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Salt Reduction Creates Game of Chicken

Sodium has been on the radar lately as one of the new health super-villains, and salt-reduction is becoming one of the hot new food industry trends -- especially since processed foods are the biggest source of salt.

But the push isn't coming from consumers so much as from government and public health advocates, and the first companies to cut down on their salt could lose out with consumers.

It turns out that the more salt you eat, the less you can taste it -- so if one company is cutting out salt while its competitors aren't, the competitors' food will taste better. "It's a proven fact," a Kraft Foods (KFT) VP said earlier this year. "When companies sell products with reduced sodium labels, that's pretty much the death of that product."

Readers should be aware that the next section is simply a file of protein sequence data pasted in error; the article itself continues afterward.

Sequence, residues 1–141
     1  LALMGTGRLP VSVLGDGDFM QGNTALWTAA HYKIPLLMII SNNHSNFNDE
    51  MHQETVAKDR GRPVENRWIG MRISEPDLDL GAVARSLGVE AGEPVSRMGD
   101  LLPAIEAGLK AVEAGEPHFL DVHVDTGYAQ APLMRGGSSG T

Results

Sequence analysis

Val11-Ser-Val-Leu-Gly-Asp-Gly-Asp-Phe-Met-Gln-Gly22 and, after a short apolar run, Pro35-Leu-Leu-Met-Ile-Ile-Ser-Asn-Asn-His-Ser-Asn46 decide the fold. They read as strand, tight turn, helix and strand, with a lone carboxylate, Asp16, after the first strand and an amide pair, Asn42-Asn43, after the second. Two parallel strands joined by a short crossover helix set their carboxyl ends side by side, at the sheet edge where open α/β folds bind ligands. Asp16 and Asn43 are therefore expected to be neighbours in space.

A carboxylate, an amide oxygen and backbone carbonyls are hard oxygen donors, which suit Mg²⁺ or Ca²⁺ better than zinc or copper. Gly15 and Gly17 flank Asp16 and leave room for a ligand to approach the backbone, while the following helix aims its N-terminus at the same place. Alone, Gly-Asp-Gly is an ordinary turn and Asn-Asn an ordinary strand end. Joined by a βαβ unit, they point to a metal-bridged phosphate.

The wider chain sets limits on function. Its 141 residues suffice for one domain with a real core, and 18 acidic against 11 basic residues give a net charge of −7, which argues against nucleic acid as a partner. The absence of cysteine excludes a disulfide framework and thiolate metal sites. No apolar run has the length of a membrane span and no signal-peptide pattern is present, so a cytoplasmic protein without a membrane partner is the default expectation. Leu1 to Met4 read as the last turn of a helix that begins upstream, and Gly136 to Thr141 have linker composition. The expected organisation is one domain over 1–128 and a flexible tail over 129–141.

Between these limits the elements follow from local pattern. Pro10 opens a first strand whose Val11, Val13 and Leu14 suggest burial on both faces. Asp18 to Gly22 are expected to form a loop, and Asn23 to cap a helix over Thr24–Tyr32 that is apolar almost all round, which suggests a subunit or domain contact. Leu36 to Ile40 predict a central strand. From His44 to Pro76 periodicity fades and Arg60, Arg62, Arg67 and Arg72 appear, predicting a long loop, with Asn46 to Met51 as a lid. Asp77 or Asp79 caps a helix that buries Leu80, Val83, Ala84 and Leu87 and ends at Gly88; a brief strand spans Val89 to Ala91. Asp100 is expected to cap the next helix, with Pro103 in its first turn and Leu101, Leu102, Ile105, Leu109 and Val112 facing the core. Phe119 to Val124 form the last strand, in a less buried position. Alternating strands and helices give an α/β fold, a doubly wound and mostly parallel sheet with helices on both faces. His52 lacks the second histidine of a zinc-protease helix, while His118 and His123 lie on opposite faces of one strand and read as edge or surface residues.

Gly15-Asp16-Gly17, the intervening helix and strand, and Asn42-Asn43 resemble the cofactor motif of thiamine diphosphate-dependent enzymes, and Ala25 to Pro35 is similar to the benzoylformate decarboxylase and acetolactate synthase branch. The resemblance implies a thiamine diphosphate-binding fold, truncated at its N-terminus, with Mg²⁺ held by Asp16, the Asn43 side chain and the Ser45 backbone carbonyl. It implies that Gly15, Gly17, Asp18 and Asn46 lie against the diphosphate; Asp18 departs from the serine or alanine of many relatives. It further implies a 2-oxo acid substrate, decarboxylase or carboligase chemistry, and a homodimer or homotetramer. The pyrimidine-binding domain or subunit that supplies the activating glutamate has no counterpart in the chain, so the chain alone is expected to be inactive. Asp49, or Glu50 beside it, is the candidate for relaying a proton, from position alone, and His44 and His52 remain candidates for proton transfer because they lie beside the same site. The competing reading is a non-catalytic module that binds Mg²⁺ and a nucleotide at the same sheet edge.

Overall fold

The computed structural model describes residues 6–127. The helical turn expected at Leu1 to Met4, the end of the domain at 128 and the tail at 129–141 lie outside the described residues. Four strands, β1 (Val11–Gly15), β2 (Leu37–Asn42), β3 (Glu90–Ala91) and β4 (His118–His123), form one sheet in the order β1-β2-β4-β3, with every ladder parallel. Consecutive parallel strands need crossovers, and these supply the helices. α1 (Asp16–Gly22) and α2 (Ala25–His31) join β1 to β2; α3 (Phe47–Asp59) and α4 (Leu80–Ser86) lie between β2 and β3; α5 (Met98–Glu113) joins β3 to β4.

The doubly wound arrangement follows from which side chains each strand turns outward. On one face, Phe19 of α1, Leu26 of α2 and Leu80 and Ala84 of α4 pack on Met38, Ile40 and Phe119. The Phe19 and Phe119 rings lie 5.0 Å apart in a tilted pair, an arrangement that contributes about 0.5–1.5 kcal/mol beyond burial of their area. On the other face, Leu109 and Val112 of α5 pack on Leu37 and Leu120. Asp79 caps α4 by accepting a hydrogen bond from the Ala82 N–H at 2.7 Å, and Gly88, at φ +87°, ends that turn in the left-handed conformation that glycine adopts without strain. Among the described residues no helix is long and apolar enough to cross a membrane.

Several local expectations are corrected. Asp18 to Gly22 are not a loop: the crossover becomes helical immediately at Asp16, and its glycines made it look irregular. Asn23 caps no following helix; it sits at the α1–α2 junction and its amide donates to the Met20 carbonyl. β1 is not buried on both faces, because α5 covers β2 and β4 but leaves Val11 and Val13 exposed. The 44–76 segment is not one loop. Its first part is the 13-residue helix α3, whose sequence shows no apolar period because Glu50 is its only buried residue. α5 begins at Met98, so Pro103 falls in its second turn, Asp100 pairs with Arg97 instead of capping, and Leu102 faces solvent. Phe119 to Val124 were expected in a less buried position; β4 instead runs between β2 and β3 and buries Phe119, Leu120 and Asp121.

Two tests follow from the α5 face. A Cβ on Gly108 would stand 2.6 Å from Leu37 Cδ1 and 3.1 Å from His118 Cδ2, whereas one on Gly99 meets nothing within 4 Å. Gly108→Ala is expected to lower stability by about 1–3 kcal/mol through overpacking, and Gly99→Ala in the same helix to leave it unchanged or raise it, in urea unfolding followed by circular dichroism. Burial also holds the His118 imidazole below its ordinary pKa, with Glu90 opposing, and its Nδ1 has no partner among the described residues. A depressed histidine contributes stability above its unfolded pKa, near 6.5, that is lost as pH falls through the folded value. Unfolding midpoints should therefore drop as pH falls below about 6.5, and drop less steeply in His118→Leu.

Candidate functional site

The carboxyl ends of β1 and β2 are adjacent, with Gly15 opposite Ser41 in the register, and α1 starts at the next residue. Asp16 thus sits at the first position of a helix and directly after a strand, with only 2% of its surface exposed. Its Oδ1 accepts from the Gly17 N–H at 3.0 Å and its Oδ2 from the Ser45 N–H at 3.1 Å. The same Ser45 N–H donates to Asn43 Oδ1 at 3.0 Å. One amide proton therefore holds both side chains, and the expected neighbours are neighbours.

If companies all cut down on salt at the same time, on the other hand, people's taste buds will recalibrate and foods won't need to contain excessive amounts of sodium to be flavorful. The challenge is getting that to happen.

Some companies are stepping up -- ConAgra (CAG) and Unilever (UL) have both pledged to reduce their products' sodium content across the board over a period of several years. Nestle and Kellogg (K), on the other hand, were recently grilled about their products' high salt levels by a government committee in Canada.

It's no minor issue -- studies have strongly linked sodium with both strokes and cardiovascular disease. A majority of people consume a lot more sodium than they should -- and researchers in the UK recently suggested that recommended daily intake levels were set too high to begin with.

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